Issue: 7 Days From Hell #1
Release Date: October 20, 2010
Creator: Bryan Edward Hill
Writers: Bryan Edward Hill & Rob Levin
Artist: Phil Noto
Cover: Brian Stelfreeze
Publisher: Top Cow Productions
Redemption can take a lifetime. John Bishop only has 7 days.
Pilot Season is an annual initiative started in 2007 by comic book publisher Top Cow Productions, Inc. Each year, Top Cow allows readers to vote on the future of six different one-shot comic book pilots released by the publisher throughout the year. The one-shot pilot with the most votes becomes an ongoing series published by Top Cow. This year, six different creative teams have each produced a pilot issue of a new series, one of which is called 7 Days from Hell #1. Thanks to our friends over at Top Cow, we were given the opportunity to read and review the pilot issue of writers Bryan Edward Hill and Rob Levin’s new series.
John Bishop’s life is meaningless. His fiancée is dead. He already knows where he’s going to end up when he dies. In fact, John already died. The only reason that Mr. Bishop is walking the Earth rather than writhing in pain in the depths of Hell is the selfish desire of a demon named Mandy. Mandy doesn’t want John, though; no, Mandy wants people dead, and she wants John to kill them for her. Even before he died, John was a cold-blooded mercenary. Fortunately, though, John also had the love of a beautiful woman named Sarah. But when another mercenary misjudged the wind, the bullet meant for John ended his fiancée’s life instead. That’s when John Bishop stopped caring about anything — carelessness that led to his own demise and subsequent grudging employment for the demon Mandy.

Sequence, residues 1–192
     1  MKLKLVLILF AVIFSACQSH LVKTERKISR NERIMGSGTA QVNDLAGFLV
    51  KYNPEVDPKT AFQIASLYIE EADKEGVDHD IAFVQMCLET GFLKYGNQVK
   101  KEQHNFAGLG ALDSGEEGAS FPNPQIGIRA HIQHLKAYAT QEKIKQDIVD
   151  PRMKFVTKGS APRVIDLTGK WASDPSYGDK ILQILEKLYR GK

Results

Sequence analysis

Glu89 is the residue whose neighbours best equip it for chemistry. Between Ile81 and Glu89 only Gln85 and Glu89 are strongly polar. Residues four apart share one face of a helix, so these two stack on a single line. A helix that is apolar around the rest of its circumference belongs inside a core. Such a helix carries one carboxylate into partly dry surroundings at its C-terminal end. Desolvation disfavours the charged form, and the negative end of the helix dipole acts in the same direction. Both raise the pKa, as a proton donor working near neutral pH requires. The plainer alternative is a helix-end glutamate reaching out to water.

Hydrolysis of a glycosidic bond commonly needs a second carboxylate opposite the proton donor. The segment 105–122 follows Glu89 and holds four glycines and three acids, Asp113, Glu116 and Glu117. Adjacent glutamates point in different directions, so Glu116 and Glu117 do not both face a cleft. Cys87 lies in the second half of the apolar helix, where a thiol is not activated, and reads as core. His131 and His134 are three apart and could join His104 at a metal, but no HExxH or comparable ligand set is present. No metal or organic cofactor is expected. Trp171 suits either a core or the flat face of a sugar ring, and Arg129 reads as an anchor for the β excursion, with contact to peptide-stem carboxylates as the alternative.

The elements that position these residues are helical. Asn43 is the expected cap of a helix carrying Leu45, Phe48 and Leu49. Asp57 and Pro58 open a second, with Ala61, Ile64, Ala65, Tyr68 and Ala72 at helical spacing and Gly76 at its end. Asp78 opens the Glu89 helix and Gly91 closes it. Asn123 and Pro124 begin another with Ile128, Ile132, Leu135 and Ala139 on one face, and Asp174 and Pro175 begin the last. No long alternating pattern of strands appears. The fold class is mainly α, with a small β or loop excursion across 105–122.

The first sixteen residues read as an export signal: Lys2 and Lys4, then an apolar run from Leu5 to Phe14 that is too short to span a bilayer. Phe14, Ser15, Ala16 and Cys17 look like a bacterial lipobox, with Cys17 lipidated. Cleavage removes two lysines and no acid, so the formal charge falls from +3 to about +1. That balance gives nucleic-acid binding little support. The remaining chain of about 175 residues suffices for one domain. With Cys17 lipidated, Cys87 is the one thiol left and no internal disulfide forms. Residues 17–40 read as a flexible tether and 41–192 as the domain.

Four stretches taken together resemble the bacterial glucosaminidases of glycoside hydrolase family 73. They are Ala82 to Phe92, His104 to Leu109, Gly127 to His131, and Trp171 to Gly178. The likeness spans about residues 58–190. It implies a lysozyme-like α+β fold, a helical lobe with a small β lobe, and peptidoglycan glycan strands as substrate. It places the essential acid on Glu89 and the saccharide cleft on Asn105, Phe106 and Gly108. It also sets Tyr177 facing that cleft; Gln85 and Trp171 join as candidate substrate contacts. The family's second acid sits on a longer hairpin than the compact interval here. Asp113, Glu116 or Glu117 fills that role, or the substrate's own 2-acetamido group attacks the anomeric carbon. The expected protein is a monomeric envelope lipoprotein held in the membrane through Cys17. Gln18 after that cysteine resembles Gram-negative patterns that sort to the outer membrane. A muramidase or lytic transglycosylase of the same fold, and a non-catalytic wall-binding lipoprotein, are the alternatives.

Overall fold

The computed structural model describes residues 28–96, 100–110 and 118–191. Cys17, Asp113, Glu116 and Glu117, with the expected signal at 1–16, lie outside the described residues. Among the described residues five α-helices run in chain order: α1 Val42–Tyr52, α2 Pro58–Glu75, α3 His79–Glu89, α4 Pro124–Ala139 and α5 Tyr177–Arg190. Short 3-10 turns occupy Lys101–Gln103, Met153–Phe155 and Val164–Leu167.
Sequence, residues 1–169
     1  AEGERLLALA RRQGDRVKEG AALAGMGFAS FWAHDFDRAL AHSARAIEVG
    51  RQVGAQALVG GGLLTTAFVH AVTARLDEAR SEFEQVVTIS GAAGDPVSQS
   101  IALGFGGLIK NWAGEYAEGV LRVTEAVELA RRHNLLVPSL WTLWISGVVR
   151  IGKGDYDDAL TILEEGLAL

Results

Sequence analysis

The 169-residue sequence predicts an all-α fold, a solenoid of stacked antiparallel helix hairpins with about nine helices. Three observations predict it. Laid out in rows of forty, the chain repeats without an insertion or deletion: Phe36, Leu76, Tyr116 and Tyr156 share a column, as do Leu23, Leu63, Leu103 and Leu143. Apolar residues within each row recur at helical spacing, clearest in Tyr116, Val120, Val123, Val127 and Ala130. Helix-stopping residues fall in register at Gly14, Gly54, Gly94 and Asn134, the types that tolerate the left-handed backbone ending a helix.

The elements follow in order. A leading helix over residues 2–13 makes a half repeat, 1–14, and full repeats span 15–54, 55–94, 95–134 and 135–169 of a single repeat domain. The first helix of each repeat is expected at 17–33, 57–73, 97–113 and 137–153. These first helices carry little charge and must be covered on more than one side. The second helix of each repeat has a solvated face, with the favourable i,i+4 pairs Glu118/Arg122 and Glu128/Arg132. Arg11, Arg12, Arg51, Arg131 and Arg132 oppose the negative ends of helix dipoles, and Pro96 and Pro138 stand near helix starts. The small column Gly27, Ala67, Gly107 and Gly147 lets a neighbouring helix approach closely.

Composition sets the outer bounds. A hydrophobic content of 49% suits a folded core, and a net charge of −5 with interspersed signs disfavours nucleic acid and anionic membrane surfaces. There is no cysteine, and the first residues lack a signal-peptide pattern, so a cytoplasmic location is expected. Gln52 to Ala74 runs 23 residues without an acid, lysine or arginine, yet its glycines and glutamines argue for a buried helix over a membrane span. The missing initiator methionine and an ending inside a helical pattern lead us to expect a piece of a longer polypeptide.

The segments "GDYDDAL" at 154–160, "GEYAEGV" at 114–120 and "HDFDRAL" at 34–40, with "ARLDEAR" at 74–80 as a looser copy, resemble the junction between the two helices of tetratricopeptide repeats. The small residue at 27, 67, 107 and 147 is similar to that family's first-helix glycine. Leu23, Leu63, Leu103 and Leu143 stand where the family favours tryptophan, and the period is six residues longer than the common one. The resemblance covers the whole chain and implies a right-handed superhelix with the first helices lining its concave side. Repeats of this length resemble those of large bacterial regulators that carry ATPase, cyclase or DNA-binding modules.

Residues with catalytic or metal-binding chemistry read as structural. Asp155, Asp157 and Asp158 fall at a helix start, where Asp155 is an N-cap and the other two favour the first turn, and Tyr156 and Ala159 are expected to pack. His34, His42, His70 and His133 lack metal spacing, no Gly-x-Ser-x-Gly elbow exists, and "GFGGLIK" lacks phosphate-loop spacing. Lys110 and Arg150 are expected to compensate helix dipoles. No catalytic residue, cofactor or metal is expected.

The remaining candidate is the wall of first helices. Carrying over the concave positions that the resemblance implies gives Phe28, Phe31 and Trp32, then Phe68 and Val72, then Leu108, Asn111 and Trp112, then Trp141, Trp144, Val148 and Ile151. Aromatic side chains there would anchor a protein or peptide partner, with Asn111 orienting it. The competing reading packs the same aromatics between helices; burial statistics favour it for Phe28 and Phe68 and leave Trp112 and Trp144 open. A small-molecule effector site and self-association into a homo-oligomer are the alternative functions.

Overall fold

Pilot Season: 7 Days from Hell #1 depicts John’s life in Mandy’s employ. Each time Mandy gives her “assistant” an assignment, he has seven days to complete the job. If he fails to kill the target, John will be shipped back to Hell and not even Mandy will stop his descent a second time around. Fortunately for John (and unfortunately for many, many other poor souls), he is good at what he does. The fact that John’s targets are some of the worst criminals, sadists, and murderers should help him cope with his new position, but John’s resolve seems to fade with each kill. Each time he is given a new assignment, John is faced with a choice: eliminate the target, knowing that another one will arise each time he completes the job, or go back to the eternal fires of Hell. Either way, John knows that he will never see his fiancée, Sarah, again — as Mandy tells her new pet, his love went to Heaven, a place forbidden to killers like him.
7 Days from Hell #1 addresses the age old question of the meaning of life: after all, what kind of life does John have as a fallen angel’s personal hitman? With each target, John is placed on the chopping block once more, and the knowledge that he will never see Sarah again combined with what awaits him as he fails makes his existence a living hell. At what point is going to Hell better than participating in a demon’s bid for redemption?
7 Days from Hell #1 is not the best of this year’s Pilot Season comics, but it certainly is worth further publication, begging the question of whether Top Cow will repeat its practice of publishing multiple Pilot Season winners rather than choosing only the series with the most votes. The story is intriguing and the artwork is palatable, but the pilot is up against a number of other comics, including science fiction/thrillers Forever #1 (Matt Hawkins, Brad Inglesby, Bagus Hutomo, and Thomas Nachlik) and Hardcore #1 (Robert Kirkman and Brian Stelfreeze), the action/thrillers Crosshair #1 (Mark Silvestri, Jeff Katz, and Allan Jefferson) and 39 Minutes #1 (William Harms and Rafael Albuquerque), and romance thriller Asset #1 (Filip Sablik, Jenny Frison, and David Marquez).
Rating: 4 / 5 Stars